What are the Benefits of Nature in Cities and Towns?

People and Nature in Cities: More than 80% of the U.S. population, and more than 50% of all people in the world live in urbanized areas. Nature in cities and towns includes parks, gardens, trees, small landscapes, and natural areas – all providing many benefits.

This web site provides an overview of the scientific evidence of human health and well-being benefits provided by urban forestry and urban greening.

Benefits Science: Recent research has revealed the environmental benefits provided by metro nature, such as improved air and water quality, energy savings, and reduced urban heat island effects. The social sciences provide additional evidence of benefits. Nearly 40 years of research shows that the experience of nature is profoundly important to human functioning, health, and well-being.

Human Health and Well-Being Benefits: We may intuitively accept that urban nature is important for public health. This web site presents supporting evidence, confirming intuitions and expanding our knowledge. Given the high population densities of urban areas, every bit of nearby nature has the potential to benefit hundreds to thousands of people daily.

Planning for Nature: People have long recognized that nature in cities and towns provides beauty and respite. However city green improves public health - ranging from individuals to entire communities. Taken as a whole, metro nature is a “green infrastructure” system that can be planned and integrated with built systems (such as transportation and housing) to create more sustainable urban environments.


Project Funding

Fiscal support for this project was provided by:

1. Program funds of the USDA Forest Service, Urban & Community Forestry Program; National Offices, Washington D.C., 2009-CA-11062765-024.

2. The USDA Forest Service on recommmendation of the National Urban and Community Forestry Advisory Council, 2009-CA-11062765-034.

3. The Pacific Northwest Research Station of the USDA Forest Service, Portland, OR and Seattle, WA.

4. Federal Financial Assistance Award of Recovery Act, Agreement No. 10-CA-11260489-090, Cooperative Agreement between USDA Forest Service and University of Washington.

Content Collaborators and Contributors

1. USDA Forest Service collaborators provided extensive administrative and editorial support for this project: a. Barbara Hollenbeck; Urban & Community Forestry - Program Manager; USDA Forest Service - State & Private Forestry; Alaska and Pacific Northwest Regions (AK, OR, WA); b. Susan Mockenhaupt (in memory); Urban & Community Forestry - National Program Manager; USDA Forest Service - State and Private Forestry; National Offices, Washington D.C.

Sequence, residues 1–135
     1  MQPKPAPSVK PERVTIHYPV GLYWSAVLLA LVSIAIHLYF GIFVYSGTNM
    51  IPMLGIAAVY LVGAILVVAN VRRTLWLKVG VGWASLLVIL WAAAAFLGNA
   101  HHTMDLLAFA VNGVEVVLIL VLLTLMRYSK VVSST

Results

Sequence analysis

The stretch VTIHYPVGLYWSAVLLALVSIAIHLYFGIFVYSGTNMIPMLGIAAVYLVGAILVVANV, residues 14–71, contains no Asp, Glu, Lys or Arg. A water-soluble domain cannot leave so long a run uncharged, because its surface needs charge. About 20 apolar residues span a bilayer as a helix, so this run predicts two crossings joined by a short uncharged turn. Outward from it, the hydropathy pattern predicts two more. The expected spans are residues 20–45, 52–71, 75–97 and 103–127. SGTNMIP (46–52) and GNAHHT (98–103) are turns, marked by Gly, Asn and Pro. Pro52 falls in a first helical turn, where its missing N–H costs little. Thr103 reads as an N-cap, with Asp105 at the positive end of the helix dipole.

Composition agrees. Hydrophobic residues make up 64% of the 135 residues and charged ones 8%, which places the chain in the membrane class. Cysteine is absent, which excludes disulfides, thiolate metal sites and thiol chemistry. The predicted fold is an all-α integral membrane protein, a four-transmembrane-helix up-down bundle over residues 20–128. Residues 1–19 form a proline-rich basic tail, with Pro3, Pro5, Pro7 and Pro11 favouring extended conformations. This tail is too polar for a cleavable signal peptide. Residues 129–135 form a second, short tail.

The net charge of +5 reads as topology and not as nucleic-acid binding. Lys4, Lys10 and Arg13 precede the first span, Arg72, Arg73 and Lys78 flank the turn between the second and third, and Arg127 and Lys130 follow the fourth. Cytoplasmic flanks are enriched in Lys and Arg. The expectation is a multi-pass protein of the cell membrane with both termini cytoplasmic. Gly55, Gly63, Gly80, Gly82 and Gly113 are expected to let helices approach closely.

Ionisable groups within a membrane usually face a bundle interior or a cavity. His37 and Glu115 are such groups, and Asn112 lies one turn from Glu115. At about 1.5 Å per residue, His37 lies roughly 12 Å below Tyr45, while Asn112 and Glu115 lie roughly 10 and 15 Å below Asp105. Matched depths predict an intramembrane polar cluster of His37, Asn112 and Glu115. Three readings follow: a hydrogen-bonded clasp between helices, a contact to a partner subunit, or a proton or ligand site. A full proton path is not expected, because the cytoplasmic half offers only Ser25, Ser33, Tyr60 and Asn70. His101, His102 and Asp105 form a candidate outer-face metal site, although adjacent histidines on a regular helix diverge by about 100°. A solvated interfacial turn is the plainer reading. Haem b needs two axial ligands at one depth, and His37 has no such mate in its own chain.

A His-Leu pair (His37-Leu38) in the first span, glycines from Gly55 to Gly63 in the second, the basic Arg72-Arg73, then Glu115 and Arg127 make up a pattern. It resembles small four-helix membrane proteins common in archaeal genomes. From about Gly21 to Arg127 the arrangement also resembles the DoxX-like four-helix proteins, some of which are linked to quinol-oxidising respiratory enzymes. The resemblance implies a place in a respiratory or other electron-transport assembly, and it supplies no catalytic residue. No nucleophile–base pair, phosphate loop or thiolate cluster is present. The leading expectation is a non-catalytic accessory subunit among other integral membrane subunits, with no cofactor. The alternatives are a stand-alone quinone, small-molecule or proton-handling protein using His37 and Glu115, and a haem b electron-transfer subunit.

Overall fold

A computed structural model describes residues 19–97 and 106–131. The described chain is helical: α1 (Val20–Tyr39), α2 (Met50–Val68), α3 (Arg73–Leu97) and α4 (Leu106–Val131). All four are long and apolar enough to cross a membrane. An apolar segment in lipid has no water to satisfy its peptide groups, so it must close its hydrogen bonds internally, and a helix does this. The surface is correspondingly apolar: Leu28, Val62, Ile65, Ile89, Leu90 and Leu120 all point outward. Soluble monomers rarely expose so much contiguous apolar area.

2. Writing and copy editing contributors: a. Katrina Flora, B.A. University of Washington, b. Mary Ann Rozance, M.S. University of Washington, c. Mark Riffe, METI, Inc./USDA Forest Service.

University of Washington: College of the Environment

Kathleen L. Wolf, Ph.D.; Research Social Scientist; Project Director

This is an exciting project because, as a social scientist, I feel that we have reached a "critical mass" in our understanding of why it is important to have nature in cities. This research compendium tells us that urban greening should not be just an incidental, occasional program in cities, but merits comprehensive planning and management to generate all the benefits described in this web site.

The research on the associations of nearby nature and human health and well-being spans several decades, and is distributed across many disciplines, including psychology, sociology, geography, urban planning, economics, landscape architecture, and urban forestry. My own research program has made some contribution to this knowledge base: http://www.naturewithin.info/

I first envisioned creating this web site while on sabbatical at Awaji Landscape Planning and Horticulture Academy (ALPHA) in Japan. While there I learned of interesting research being done in horticulture therapy, community design, and urban environmental stewardship. My Japanese colleagues and I worked in the summer of 2008 to translate their research and present it to English speaking audiences using a web site. The web-based research outreach approach carried over to this project when I returned to the U.S.

June 2010